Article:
- The Washington Times - Thursday, July 1, 2004

Former Iraq administrator L. Paul Bremer said yesterday’s televised images of Saddam Hussein arraigned before an Iraqi judge in a Baghdad courtroom marked a milestone for the fledgling government.

“It’s hard if you haven’t been there to realize the emotions that surround Saddam among Iraqis,” Mr. Bremer told editors and reporters of The Washington Times in an hourlong interview conducted at the Old Executive Office Building.

“It’s an extremely emotional thing for Iraqis to see Saddam as they saw him today, facing a justice that he denied his own people.”

As the trial progresses and the new government finds its feet, “hopefully it will start to drain some of the poison out of the system” left by Saddam’s quarter-century of misrule, he added.

Dressed in a dark suit and sporting conventional dark loafers instead of the tan combat boots he favored in Baghdad, Mr. Bremer spoke three days after he oversaw the stealthy transfer of sovereignty to an interim Iraqi authority in Baghdad.

He defended many of the controversial decisions of his Coalition Provisional Authority (CPA), conceded that the new government still faced major security and economic problems, and said he remained optimistic that life in Iraq will improve gradually as the new government settles in.

“To me there’s no argument — Iraq is an infinitely better place today than it was 15 months ago,” he said. “I don’t think anybody can seriously argue that.”

Iraqi opinion polls showed a deep dislike of the CPA and of the U.S. military presence in general, but Mr. Bremer said Iraqis remained deeply grateful for the overthrow of Saddam’s regime.

“We did not conquer a country here. We conquered and threw out a hated regime,” he said.

“Here we come in and throw out a government that they were unable to throw out, and throw it out in three weeks. And the Iraqis say, ‘That’s great, now why don’t you go away?’ So I understand the problem.”

He staunchly defended two of the most hotly debated decisions of his tenure — not recalling the Iraqi military after it disintegrated in the aftermath of the war last year and the widespread purge of officials from Saddam’s ruling Ba’ath Party from the postwar government and military.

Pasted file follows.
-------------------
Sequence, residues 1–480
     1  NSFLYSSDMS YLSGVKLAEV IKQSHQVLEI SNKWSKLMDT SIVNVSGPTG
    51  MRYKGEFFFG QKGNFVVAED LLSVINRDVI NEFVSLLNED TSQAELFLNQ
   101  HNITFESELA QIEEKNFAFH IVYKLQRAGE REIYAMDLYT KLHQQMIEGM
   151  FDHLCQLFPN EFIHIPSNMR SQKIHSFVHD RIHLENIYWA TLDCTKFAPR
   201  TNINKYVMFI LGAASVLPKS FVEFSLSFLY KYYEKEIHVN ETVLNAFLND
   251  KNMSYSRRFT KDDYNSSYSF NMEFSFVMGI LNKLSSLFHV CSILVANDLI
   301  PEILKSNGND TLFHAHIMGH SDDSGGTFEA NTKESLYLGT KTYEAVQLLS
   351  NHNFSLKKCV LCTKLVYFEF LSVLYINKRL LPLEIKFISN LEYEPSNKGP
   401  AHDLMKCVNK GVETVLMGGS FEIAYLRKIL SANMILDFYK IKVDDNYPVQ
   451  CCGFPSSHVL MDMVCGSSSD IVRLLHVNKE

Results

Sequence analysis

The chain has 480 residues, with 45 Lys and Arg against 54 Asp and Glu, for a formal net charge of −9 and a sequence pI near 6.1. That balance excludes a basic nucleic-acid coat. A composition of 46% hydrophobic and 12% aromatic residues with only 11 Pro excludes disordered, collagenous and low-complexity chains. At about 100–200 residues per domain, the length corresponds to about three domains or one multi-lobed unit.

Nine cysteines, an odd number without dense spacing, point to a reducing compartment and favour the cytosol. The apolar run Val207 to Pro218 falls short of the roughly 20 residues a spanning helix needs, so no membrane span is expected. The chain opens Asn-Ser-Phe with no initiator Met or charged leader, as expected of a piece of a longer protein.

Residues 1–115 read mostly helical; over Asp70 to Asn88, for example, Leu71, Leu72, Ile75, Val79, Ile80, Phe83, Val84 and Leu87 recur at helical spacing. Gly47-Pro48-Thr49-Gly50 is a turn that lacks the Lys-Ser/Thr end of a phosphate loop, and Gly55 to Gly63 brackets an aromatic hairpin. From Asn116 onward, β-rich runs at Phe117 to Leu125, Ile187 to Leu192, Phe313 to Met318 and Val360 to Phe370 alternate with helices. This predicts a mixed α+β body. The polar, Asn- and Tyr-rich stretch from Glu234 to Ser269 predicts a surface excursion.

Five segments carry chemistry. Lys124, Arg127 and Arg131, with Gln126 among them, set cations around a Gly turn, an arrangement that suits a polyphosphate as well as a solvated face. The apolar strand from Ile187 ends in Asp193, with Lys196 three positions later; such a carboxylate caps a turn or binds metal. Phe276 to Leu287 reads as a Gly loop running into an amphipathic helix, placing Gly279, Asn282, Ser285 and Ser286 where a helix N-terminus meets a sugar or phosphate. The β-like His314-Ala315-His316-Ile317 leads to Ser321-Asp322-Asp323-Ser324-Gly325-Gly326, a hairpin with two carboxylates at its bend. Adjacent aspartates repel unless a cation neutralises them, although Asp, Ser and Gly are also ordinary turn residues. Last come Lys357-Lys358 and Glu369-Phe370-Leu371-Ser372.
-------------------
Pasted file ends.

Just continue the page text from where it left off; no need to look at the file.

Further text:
Critics argued that the two moves created a vast pool of Iraqis alienated from the U.S.-led occupation forces, making them prime recruiting targets for the insurgency that has bedeviled the country since the combat phase ended.

But Mr. Bremer said if he had to do it all again, he again would reject efforts to reconstitute Iraq’s shattered army. “I stand by my decision,” he said.

He argued that massive looting had destroyed all the former military barracks. Trying to preserve the army could have “set off a civil war” with Iraq’s Kurds and Shi’ite Muslims, both of whom deeply distrusted Saddam’s military forces, he added.

Mr. Bremer said the CPA’s original “de-Ba’athification” policy had been designed to ensure that the top four ranks of Saddam’s party — a total of 25,000 to 30,000 people out of 2 million party members — did not get jobs in the public sector.

“The implementation of the policy by the de-Ba’athification council under the Iraq Governing Council went much further, and I think it hurt” Iraqi education and health care in particular, he said.

He defended a wide-ranging series of edicts he issued as CPA administrator, touching on everything from the creation of an Iraqi supreme court to regulations on tax rates, foreign investment policy and an independent central bank.

On balance, Mr. Bremer said, huge strides have been made toward the establishment of a representative government, the rule of law, protection of minority rights and a free-market economy.

“These changes to fundamental political and economic life are vital,” he said.

But he expressed disappointment that the CPA had not tackled the huge, inefficient state-owned companies and the oil and other subsidies set up under Saddam. He said reforms of the state sector were considered too dangerous to undertake at a time of high unemployment and unrest.

“It was a tactical decision,” he said.

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